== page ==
When I first saw the cover of the book(up on the right), I hated it. I even had to hide the book in my bag before going to lunch with a few of my mates. It is the Vogue magazine, Vaseline blurred photo cover that adorns chick lit and screams ‘I’m only skin deep’. The choice may have been by some unconnected editor, but it fits. This is in many ways not Jacqueline Kent’s fault. She writes very well, includes enough detail for the interested reader to understand the context without getting bogged down, but she has precious little to work with. Kent not only doesn’t manage to get into Gillard’s dirty linen, she doesn’t even seem to want to. Either way, Gillard hides herself well, and clearly no one wanted to go on (or off) the record to trash the most powerful woman in the country and likely next Prime Minister.
Kent’s book is well placed to meet the fascination slowly bubbling up within the political class and the wider public about Gillard, however readers are likely to come away disappointed as there seems to be very little more to Julia than what impressions you may have already formed. Her work is clearly her life, she is a stubborn fighter for the issues she believes in (Education, Immigration, and recently “productivity”) and she has made a successful fusion of being a laid back aussie with razor sharp nerdish smarts, an act her boss constantly manages to fumble (Only giving you a fair shake of the sauce bottle there kev!). But though the highest ranked member of the Left in over 20 years, she comes across as quite conservative and perhaps too pragmatic. After 300 pages I still have no idea how a Gillard Administration would differ from Rudd’s.
Gillard’s rise into parliament and then to deputy, is one more of doggardness than calculated Machiavellianism. She seems to have served her time, shown such intellect, capability and enough few core principles, that it seems almost inevitable that she would move ahead. Right now the argument seems the same for her sliding into the PM’s seat. Though you get a feeling that for all her dedication, if it never happened Gillard would have “had a glass of red wine, a cry and moved on”, which seems her answer to just about all life’s setbacks. A great attitude, but one that doesn’t lend itself to the subject of good biographies. With such source material Kent never really had a chance, but unfortunately also doesn’t seem to have had the willingness to open any wounds to try and find out. The photo cover well represents the word picture inside. Almost all biographers need to prove their loyalty in order to get access and support, but they also need enough gossip and insider stories in order to give their readers something more than they can get in the daily news. Kent has clearly gone the Bob Woodward route of trading less opinion for more access, but she doesn’t get far enough inside to justify the bargain.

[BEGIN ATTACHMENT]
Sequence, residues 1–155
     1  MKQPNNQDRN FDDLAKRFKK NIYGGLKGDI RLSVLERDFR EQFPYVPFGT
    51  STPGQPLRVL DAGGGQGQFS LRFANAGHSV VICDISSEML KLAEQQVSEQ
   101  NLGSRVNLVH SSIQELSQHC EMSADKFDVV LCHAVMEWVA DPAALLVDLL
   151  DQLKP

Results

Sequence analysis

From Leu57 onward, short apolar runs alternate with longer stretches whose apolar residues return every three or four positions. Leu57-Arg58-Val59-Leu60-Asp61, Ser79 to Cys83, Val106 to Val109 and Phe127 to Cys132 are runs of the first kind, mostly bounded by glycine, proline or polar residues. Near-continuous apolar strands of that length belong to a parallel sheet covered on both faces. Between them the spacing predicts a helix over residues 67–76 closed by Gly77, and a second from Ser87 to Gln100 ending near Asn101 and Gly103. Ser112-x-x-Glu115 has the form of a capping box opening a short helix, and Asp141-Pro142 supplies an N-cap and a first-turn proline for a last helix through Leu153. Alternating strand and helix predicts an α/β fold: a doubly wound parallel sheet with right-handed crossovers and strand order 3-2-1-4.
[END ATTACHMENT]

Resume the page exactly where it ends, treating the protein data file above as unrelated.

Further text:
If you follow politics closely, it probably wouldn’t hurt to add this book to your library, but it’s probably a better choice as a Christmas gift to a bright young niece or cousin who you’d like to encourage. Gillard’s story is a very Australian, and inspiring one. She clearly works twice as hard as anyone around her, she’s sharp, pragmatic and takes a stoic view of life, assuming Labor doesn’t monumentally f**k thing’s up, she will be our first female Prime Minister. She has already made history, already gone so far, but in life and literature, her story is yet to be fully written.
At quieter times in the parliamentary cycle, we often see our political correspondents leading out a few rumors and stories as a way of generating some attention, controversy and generally getting something to fill the page for their bosses. This spring, its the idea of a Double Dissolution election over the Carbon Trading Scheme. While Rudd has already put up a bill that was voted down, he is already destroying the narrative by pledging “good faith” negotiations with the Coalition. If the resulting bill and amendments are substantially different to the first rejected one, and the Coalition does indeed again reject the bill (likely over the cries of Turnbull), then Rudd couldn’t use it as a trigger.
But even say he did go ahead, would the political strategists be supportive? Hell no, as Possum helpfully demonstrates: